In 2007, the European Union ratified a historic treaty in Lisbon, Portugal's stunning capital. The Treaty of Lisbon resulted in a more consolidated and unified administration, foreign policy, and many other changes. The Treaty of Lisbon, as recognized by key European politicians at the time, made the European Union more democratic. In such a motive, many adjustments had been implemented. This week's article focuses on the changes it brought to integration and how it shaped the European Union we have today.
First and foremost, the treaty modifies two major treaties upon which the EU was created. Those to be known are the Maastricht Treaty, which was signed in the Netherlands in 1992 and has since been updated to be the Treaty on European Union (2007); and the Treaty of Rome, which was agreed upon by European member states at the time in 1952 and has since been updated to be the Treaty on the Functioning of the European Union (2007). Along with these two main treaties, the Treaty of Lisbon amends the 1957 Treaty Establishing the European Atomic Energy Community (EURATOM) and various earlier treaty protocols. As a result, we can readily conclude that the Treaty of Lisbon is a merger treaty of the European Union's treaties and places the Union in a more democratic and participatory position.
While discussing how the Treaty of Lisbon is essentially a merger of past treaties, we should also mention a historical event that has served as a guidepost in understanding many developments in the European Union: the failure of the 'Treaty Establishing a Constitution for Europe.' Therefore, we can see how altering EU institutions may be traced back to the early 2000s but was only accomplished by the Treaty of Lisbon in 2007. Thus, the Treaty of Lisbon should be regarded as a result of the failure of the "Treaty Establishing a Constitution for Europe." However, it differs in many ways from the failed constitutional treaty, which was rejected by referendums in the Netherlands and France, with a focus on the dwindling power and authority of national sovereignty and national legislative.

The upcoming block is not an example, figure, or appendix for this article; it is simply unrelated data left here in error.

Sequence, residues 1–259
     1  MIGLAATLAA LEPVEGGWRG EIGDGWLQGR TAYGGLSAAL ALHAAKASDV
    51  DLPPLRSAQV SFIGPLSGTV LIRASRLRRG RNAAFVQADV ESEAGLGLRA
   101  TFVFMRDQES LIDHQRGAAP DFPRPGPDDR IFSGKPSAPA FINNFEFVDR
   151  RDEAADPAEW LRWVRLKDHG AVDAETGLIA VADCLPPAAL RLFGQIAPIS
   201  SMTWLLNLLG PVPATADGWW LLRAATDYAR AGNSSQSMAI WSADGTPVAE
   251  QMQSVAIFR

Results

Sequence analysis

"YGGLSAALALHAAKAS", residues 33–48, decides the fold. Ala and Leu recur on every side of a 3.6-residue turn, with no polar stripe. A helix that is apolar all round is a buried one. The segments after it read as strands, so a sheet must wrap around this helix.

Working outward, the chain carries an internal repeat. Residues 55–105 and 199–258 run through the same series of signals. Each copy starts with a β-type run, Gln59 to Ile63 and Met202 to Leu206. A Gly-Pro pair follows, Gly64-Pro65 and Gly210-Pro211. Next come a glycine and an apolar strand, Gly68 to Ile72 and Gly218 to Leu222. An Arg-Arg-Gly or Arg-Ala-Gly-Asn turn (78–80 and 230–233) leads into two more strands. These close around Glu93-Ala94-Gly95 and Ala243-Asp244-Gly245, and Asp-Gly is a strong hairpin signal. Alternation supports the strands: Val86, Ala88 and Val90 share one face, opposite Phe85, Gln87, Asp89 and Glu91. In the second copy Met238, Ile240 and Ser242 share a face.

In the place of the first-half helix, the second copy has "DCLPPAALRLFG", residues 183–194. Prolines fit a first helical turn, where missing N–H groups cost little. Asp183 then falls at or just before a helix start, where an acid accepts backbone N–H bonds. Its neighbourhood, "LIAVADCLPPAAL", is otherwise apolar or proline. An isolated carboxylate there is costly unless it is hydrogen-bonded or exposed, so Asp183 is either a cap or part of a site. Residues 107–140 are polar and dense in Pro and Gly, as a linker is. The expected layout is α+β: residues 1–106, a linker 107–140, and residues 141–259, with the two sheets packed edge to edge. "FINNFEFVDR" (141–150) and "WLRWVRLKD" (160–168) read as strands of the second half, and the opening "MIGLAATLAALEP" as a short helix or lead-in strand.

According to the treaty's preamble, the goal of creating such a Treaty is to "complete the process started by the Treaties of Amsterdam  and Nice  with a view to enhancing the Union's efficiency and democratic legitimacy and improving the coherence of its action" (Treaty of Lisbon amending the Treaty on European Union and the Treaty establishing the European Community, signed at Lisbon, 13 December 2007)
One can rationalize and claim success by citing how the Lisbon Treaty strengthened the powers and mandates of the EU's only citizen-elected institution, the Parliament. The treaty has given Parliament full legislative power in a variety of policy areas, as well as the ability to have a role in the EU budget alongside the Council. Parliament is held accountable to European citizens as the custodian of the Charter of Fundamental Rights. As a result, citizens' access to Parliament has been facilitated. A similar pattern is adopted by the European Union's Court of Justice. Moreover, the Union's bill of rights, the Charter of Fundamental Rights has been made legally binding, granting larger protection of fundamental human rights for the European citizens. Furthermore, the Union's bill of rights, the Charter of Fundamental Rights, has been made legally obligatory, offering European citizens greater protection of fundamental human rights.
Last but not least, the Treaty of Lisbon was the first EU treaty that specifically stated EU members' legal right to quit the Union and established a system for doing so. Following the measures outlined in the treaty, the United Kingdom withdrew from the Union 13 years after its adoption. Europe and the integration are still clinging to the Treaty of Lisbon and its revolutionary ideas after two years without the world's fifth-largest global economy.